"But how about a little more mixing of land uses?" I asked. "No way," was the response from many. "It’s quiet here," someone said – as if a coffee shop or a doctor’s office would convert our little Brigadoon into Manhattan. "But our suburbs are already changing," I said. A wooden cross and a garlic necklace should hold that off, seemed to be the unspoken response.
And that’s the problem. Whether it’s intensifying an already urban residential neighborhood with a new mid-rise apartment or office building or a new business, or encouraging the suburbs to grow up primarily with infill and the increased convenience of even a modest mix of new land uses as the area naturally becomes more urban, the responses usually are, "We like things the way they are," or "It will alter the character of our neighborhood," or "Who knows what kinds of people [the change] would bring."
It is human nature to be suspicious of change – and, heaven knows, we have seen enough horrible changes to our communities in the last few decades to reinforce that instinct. In addition, some folks honestly prefer the scale and nature of 1970s suburbia; within reason, we can respect those preferences (though we shouldn’t feed them with more and more and more of that pattern without figuring in its true cost). That’s why God made a whole box of Crayola colors rather than one or two.
Replacing fear with facts and involvement
For many people, however, it just comes down to fear of change and fear of fear. For these folks, I believe the best way to meet fear is with honest, open communication and solid information. It’s up to those of us who want to manage change, and to local governments, to provide straightforward explanations about at least the following things:
- What kinds of changes are already occurring
- How local neighborhoods have choices about how to shape those changes (but seldom to prevent them entirely)
- In what ways some modest redesign of our neighborhoods can provide us with a higher quality of life – and, importantly,
- How to fully participate in the public conversation that needs to take place before change occurs.
The way that such information is presented is important. Some people learn best by hearing, others by seeing; it’s been my experience that good, accurate visual images go a long way to assuaging fears that some infill development will convert one’s cozy little corner of suburbia into Chicago’s Loop. The advantages of compact, sustainable, infill growth are legion; however, as much as some of us may like to think so, they are not self-evident.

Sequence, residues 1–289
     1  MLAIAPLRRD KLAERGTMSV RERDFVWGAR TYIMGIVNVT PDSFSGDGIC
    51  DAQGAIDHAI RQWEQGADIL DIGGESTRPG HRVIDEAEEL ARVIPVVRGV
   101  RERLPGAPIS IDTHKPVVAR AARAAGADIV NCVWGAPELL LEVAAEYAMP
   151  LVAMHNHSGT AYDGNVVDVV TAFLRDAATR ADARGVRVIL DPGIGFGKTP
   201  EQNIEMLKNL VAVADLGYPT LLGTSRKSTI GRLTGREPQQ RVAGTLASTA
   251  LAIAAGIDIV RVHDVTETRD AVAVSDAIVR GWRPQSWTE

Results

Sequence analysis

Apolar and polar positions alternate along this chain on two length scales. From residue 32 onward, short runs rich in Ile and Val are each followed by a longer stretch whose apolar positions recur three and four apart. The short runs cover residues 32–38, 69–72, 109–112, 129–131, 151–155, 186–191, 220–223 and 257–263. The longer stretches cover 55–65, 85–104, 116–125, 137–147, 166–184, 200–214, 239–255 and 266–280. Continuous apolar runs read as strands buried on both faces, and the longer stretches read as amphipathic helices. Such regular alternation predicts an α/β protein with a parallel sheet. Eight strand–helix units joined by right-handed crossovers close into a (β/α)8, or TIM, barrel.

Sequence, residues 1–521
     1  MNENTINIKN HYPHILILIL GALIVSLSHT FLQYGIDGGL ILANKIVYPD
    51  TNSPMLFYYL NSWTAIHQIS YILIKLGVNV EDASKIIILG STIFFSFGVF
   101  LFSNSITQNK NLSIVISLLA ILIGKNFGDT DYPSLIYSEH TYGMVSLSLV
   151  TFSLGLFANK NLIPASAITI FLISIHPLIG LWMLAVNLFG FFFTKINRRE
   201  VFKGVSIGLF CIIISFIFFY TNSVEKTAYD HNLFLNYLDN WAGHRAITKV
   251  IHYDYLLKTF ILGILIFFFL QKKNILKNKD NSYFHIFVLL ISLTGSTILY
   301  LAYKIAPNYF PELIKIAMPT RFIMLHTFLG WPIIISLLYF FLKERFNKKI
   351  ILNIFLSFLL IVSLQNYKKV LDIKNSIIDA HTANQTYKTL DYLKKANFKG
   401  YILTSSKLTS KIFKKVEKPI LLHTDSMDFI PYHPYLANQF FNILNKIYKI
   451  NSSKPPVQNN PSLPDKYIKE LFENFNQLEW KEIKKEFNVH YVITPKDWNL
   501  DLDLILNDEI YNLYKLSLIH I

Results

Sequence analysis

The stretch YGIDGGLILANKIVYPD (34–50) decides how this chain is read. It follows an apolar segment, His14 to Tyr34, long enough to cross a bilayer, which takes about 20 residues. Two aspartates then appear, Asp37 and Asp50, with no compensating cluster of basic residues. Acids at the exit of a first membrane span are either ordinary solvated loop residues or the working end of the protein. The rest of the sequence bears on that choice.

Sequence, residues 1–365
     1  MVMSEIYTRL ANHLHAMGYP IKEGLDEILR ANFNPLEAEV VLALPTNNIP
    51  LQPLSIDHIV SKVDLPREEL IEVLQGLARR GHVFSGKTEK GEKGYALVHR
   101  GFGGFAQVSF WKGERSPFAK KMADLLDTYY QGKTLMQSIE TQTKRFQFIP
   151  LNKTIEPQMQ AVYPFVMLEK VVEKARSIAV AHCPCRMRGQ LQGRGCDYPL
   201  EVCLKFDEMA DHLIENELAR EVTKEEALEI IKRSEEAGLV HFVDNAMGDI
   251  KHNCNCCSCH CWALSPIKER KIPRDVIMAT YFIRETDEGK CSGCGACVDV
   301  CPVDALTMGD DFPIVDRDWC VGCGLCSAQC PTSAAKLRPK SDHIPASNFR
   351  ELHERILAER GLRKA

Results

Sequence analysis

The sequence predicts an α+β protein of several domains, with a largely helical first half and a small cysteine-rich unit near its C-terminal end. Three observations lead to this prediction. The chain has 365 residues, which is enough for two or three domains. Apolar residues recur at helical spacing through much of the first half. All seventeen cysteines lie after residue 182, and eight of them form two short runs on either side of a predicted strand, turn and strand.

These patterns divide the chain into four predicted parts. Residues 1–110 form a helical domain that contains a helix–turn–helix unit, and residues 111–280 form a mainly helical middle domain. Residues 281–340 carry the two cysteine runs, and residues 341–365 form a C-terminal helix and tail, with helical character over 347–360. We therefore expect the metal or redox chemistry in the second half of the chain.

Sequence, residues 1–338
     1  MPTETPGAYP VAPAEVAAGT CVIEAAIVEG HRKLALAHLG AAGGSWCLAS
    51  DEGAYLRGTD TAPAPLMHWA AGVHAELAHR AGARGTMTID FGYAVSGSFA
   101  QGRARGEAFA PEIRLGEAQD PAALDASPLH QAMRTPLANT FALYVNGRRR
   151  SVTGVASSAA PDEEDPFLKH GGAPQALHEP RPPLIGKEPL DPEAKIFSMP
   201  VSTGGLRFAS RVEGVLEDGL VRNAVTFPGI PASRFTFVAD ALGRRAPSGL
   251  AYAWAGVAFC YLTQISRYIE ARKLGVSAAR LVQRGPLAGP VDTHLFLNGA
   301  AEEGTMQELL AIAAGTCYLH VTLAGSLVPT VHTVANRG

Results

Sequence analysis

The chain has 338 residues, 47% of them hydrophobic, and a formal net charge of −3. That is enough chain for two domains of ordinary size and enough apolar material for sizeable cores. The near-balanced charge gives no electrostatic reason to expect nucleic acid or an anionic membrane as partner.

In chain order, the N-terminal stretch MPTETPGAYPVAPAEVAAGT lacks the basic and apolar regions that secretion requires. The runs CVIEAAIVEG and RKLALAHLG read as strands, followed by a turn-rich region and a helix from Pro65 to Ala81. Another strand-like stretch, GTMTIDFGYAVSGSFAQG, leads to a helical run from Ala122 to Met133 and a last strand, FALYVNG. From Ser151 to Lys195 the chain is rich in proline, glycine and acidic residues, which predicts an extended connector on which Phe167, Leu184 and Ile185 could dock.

Other groups can fruitfully be brought into the circle to lend an ear and maybe a hand: churches (which can wield significant influence in some places), the public school system (including local PTAs), and civic clubs and organizations, for example. Even small local environmental groups – such as river and watershed advocates, garden clubs, and the local Sierra Club or Audubon chapters – can and should be brought into the conversation, but with facts and choices rather than fear-mongering. Otherwise, they are more likely than not to turn into opponents.
So that’s my prescription. I know it sounds kind of simple, but I don’t know any other way to soften hearts and possibly change minds. If infill development – done right – presents our best shot at reducing the conversion of farm and forest, stream valley and wetland, mountainside and wide open spaces, into half- (or two-, five- or even ten-acre) lots, and in reducing the driving that will come with it, then it has to be adequately explained, promoted and understood. Otherwise, neighbors just like some of mine will resist it… every, single time.
Top image: A suburb in Rockville, Maryland. Photo by Jay Divinagracia/Flickr
This post originally appeared on the NRDC's Switchboard blog.